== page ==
Scientists Respond To Trump’s Latest Unhinged Climate Remarks: ‘It’s Almost Satire’

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Another day, another presidential remark on climate science so divorced from reality it’s numbing.

Nearly two weeks ago, President Donald Trump said “raking and cleaning and doing things” would have prevented the deadliest wildfire in California history, and bizarrely credited Finland with the idea ― something the Nordic country denied.

Last Wednesday, he resurfaced his past musings about how temporarily cold weather in one place disproves long-term global temperature trends. Two days later, his administration buried two of its own major climate reports showing burning fossil fuels is warming the planet, releasing them on Black Friday. When reporters asked him Monday to respond to the findings of one of those reports ― the National Climate Assessment, assembled by scientists at 13 federal agencies ― he said: “I don’t believe it.”

But the president’s interview with The Washington Post, published Tuesday evening, dialed the denialism up to a new level.

“One of the problems that a lot of people like myself ― we have very high levels of intelligence, but we’re not necessarily such believers. You look at our air and our water, and it’s right now at a record clean,” Trump said, appearing to conflate particulate matter with climate-warming pollution.

He went on to declare “the oceans are very small” and blame the continent of Asia for litter on American beaches, and even circled back to the raking comment.

“I was watching the firemen, and they’re raking brush — you know the tumbleweed and brush, and all this stuff that’s growing underneath,” he said. “It’s on fire, and they’re raking it, working so hard, and they’re raking all this stuff. If that was raked in the beginning, there’d be nothing to catch on fire. It’s very interesting to see.”

Steam pours out of a smokestack at the Morgantown Generating Station, a coal- and oil-burning power plant in Newburg, Maryland.
Steam pours out of a smokestack at the Morgantown Generating Station, a coal- and oil-burning power plant in Newburg, Maryland.

He brought up “articles” from the 1970s ― likely referring to pieces from Time magazine and Newsweek ― that made the now obviously incorrect case that the planet was headed into another ice age.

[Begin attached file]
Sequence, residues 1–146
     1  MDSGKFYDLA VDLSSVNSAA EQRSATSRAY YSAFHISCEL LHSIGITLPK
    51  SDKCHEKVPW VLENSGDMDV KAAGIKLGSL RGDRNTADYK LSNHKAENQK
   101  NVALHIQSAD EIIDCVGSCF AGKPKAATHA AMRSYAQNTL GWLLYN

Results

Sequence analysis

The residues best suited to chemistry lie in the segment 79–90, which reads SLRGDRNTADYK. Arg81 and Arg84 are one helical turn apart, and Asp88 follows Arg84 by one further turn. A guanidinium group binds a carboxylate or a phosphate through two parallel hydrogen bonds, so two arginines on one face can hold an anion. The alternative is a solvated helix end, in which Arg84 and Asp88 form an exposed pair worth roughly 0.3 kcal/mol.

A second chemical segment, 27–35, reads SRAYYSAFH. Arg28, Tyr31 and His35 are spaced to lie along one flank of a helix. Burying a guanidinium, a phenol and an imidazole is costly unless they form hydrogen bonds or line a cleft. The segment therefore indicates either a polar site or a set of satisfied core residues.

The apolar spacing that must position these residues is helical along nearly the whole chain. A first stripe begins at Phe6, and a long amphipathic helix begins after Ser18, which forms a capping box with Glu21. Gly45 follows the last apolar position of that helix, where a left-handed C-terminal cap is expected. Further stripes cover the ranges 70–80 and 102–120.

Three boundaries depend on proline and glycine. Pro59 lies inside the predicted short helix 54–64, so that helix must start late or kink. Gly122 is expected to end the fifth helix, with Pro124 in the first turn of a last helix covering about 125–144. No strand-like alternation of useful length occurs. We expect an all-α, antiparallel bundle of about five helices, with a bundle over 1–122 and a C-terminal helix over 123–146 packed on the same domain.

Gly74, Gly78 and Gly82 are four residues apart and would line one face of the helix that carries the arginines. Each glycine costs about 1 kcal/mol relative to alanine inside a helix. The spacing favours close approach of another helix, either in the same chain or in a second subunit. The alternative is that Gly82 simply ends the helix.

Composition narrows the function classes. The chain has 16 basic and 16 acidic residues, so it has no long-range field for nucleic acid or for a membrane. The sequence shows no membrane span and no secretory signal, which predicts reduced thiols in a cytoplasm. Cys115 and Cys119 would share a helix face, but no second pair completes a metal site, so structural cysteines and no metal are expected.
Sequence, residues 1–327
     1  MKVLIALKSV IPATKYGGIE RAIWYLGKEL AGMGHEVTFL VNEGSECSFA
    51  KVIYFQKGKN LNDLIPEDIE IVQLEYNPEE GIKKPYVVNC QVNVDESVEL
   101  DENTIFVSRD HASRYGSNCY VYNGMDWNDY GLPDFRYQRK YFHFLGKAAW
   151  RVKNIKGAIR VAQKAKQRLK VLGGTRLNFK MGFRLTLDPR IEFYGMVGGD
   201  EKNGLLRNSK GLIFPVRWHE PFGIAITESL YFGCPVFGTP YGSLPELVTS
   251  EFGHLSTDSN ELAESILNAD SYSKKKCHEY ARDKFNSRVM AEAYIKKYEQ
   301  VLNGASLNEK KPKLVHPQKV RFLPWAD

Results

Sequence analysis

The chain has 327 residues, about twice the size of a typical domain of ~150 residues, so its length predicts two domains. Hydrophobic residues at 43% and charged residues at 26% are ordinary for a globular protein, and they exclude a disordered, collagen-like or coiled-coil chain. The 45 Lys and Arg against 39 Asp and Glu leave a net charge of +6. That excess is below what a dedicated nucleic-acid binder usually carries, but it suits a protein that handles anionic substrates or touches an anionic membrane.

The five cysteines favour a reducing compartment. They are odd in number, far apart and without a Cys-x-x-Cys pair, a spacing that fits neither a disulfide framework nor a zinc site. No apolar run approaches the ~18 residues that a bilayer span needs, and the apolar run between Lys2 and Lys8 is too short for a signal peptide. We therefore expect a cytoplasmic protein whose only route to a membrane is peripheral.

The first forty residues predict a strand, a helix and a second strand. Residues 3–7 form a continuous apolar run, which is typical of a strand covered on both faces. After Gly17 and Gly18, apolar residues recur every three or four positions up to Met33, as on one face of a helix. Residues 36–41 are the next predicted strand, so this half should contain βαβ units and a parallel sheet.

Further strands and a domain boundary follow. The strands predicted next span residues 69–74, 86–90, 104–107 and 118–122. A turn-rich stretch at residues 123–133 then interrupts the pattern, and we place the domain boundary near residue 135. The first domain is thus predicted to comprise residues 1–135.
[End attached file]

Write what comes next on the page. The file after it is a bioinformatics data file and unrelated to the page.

“If you go back and if you look at articles, they talked about global freezing, they talked about at some point the planets could have freeze to death, then it’s going to die of heat exhaustion,” he said.

We asked climate scientists to respond.

Michael Mann: ‘It’s Almost Satire’

Mann is a climate scientist and co-author of the book The Madhouse Effect: How Climate Change Denial Is Threatening Our Planet, Destroying Our Politics, and Driving Us Crazy.

It’s almost satire. Everything our president says is foolish nonsense and it constitutes malicious ignorance.

I tweeted this yesterday in response:

“We have very high levels of intelligence but we’re not necessarily such believers. You look at the Earth, say, from a prairie in Kansas. The land is flat. It’s not a sphere!” - Donald Trump (any day now)

Because what he said about climate change is as idiotic as if he had said the above statement. He might as well be a flat-earther.

It might even be amusing were it not for the fact that his use of the bully pulpit to promote denialist propaganda endangers human civilization.

We can only hope at this point that his days in office are numbered now.

Marshall Shepherd: ‘Science Doesn’t Care What We Believe’

Shepherd is the director of the University of Georgia’s atmospheric program and a former president of the American Meteorological Society.

Science doesn’t care what we believe. If you are in the top of building and fall, gravity is still a thing whether you believe in it or not.

David Titley: ‘Not Only Frustrating But Very Sad’

Titley is a climate scientist at Penn State and a retired Navy rear admiral.

I find this to be not only frustrating but very sad. It’s like talking to a friend about a car and you think you’re going to talk about the engine and its mileage. But when you ask him about that he talks about the color, or the options or how comfortable the seat is.

I’m very happy the president professes to be concerned about air pollution he can see and the plastics in the ocean. I hope he can understand that the pollution we can’t see — in the form of greenhouse gasses — poses an even bigger threat to our people, our economy and our personal and national security. The basic science is actually very simple and has been well known for over a century.

I would love to ask the president, “Sir, what is it about climate change that scares you so much you cannot admit that it’s happening or address it? Let’s find out the real reason — and attack that issue. Because it’s not about science. It’s about us and the world we want to live in today, tomorrow and in the days ahead.”

Joseph Majkut: ‘Hoo Boy’

Majkut is a climate scientist and the director of climate policy at the libertarian think tank Niskanen Center.

Hoo boy. These comments have kicked off an inappropriately long debate at NC about whether or not oceans are small.

No person, no matter how intelligent, is going to see or experience the pervasive changes to the climate that are being brought on by industrial emissions. That is why we have scientific assessments like the [National Climate Assessment] and an army of scientists out there taking data and trying to understand the scope of this issue. What they find is discomforting at best and alarming at worst. You don’t have to believe the worst-case scenario is a sure bet to take it seriously, but we shouldn’t stake ourselves on the idea that it will all work out.

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